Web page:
Restoring damaged ecosystems is new business model
Friday, 16 November 2012
Restoring damaged ecosystems is an important way to reverse the depletion of nature and should be the new model for business, according to a new publication by Willem Ferwerda, Executive Fellow Business & Ecosystems at Rotterdam School of Management, Erasmus University (RSM).
Ferwerda is an experienced international ecologist and environmental scientist with a background in non-profit and profit organisations. He has studied the US$ multi-trillion role that ecosystems and diversity of species play in the economy and society, and concludes that nature is at the heart of a sound and sustainable economy, forming ‘natural capital’ and acting as the basis of all wealth creation. Thus, it is an investor’s primary asset.
But modern production methods and consumption patterns that generate jobs and wealth also degrade and destroy ecosystems. It is estimated that 60 per cent of the services provided by ecosystems are threatened.
“We need to keep ecosystems functioning for future generations, and this means we need to rethink sustainability and give priority to restoring ecosystem functions in our business model,” he says. These ecosystem functions have been estimated to be worth more than US$21–72 trillion annually, according to a study by the UN, The Economy of Ecosystems and Biodiversity.
Restoration of 2 billion hectares possible
Restoration is already underway, thanks to NGOs, local farmers and government organisations, but those efforts need to be urgently scaled up. Scientists and conservationists know what needs to be done, but do not have the structure in place to implement it, says Ferwerda. The UN, World Resources Institute, IUCN and others estimate that 2 billion hectares of severely degraded land are suitable for rehabilitation through restoration, using the planting of forests and trees alongside other land uses – in the hope that biodiversity will be restored.
Ferwerda has worked in tourism, conservation and restoration of ecosystems on several continents and for 12 years was director of the Dutch office of the International Union for Conservation of Nature (IUCN), the largest international union of nature organisations, states and scientists.
Ecosystem Restoration Partnerships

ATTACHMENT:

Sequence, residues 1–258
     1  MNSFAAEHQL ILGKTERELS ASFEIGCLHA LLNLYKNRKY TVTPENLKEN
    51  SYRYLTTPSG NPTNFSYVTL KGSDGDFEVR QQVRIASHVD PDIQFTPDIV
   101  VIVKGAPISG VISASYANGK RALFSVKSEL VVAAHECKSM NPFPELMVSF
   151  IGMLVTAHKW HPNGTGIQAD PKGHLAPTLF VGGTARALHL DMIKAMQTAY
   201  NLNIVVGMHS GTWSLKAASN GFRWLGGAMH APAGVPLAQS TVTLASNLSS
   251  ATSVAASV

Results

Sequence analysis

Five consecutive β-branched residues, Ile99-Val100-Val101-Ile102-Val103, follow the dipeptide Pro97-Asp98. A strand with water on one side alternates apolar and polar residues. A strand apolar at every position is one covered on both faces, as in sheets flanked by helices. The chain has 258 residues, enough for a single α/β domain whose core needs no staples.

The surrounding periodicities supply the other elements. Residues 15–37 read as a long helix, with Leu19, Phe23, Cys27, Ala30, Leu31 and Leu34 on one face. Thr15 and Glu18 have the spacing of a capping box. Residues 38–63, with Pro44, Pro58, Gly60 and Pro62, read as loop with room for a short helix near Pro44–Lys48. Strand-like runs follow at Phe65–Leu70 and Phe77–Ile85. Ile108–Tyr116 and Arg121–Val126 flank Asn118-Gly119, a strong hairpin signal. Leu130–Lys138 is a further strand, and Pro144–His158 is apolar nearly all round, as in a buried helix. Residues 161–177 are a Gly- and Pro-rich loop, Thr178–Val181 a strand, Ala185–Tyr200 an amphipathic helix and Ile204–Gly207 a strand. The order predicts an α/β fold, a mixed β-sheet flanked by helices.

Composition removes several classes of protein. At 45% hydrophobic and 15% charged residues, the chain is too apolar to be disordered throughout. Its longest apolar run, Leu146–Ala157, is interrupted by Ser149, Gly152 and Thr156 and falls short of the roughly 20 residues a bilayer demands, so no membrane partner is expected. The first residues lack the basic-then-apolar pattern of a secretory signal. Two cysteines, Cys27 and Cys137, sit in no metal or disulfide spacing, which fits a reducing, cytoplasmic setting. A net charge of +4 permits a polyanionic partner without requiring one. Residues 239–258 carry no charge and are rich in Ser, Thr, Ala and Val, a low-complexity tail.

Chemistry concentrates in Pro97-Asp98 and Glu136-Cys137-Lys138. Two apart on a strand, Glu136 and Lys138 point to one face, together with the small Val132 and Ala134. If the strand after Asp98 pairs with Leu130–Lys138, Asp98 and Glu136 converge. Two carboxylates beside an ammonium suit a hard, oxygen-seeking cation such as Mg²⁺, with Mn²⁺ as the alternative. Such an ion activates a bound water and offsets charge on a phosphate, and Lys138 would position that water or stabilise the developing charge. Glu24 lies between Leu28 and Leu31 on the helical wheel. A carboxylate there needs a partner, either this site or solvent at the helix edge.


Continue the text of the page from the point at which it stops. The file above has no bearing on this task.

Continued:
In his study, Ferwerda argues that it is time to establish a practical international mechanism that creates tailor-made 20-year Ecosystem Restoration Partnerships – following international guidelines – between businesses and stakeholders in co-operation with local people, farmers and NGOs. This could mean international restoration targets can be reached more quickly, private investments will return, and companies will learn that ecology is part of their core business.
The scheme has the potential to restore more than 200 millions of hectares within 10 years, says Ferwerda, who also recommends that coaching and problem solving is part of the partnership, and that scientific and NGO networks organise and monitor results, and oversee the introduction of new technologies where appropriate.
Download the publication
Willem Ferwerda’s publication Nature Resilience: Ecological Restoration by Partners in Business for Next Generations can be downloaded from RSM at this site and from the IUCN website at www.iucn.org/cem.
Willem Ferwerda has invited the public to send him their feedback and reactions to the plan. Email firstname.lastname@example.org or email@example.com.
Rotterdam School of Management, Erasmus University (RSM) is ranked amongst Europe’s top 10 business schools for education and amongst the top three for research. RSM provides ground-breaking research and education furthering excellence in all aspects of management and is based in the international port city of Rotterdam - a vital nexus of business, logistics and trade. RSM’s primary focus is on developing business leaders with international careers who carry their innovative mindset into a sustainable future thanks to a first-class range of bachelor, master, MBA, PhD and executive programmes. RSM’s executive education and alumni support services are also offered from its office in the Amsterdam Zuidas business district. www.rsm.nl
For more information on RSM or on this release, please contact Marianne Schouten, Media & Public Relations Manager for RSM, on +31 10 408 2877 or by email at firstname.lastname@example.org.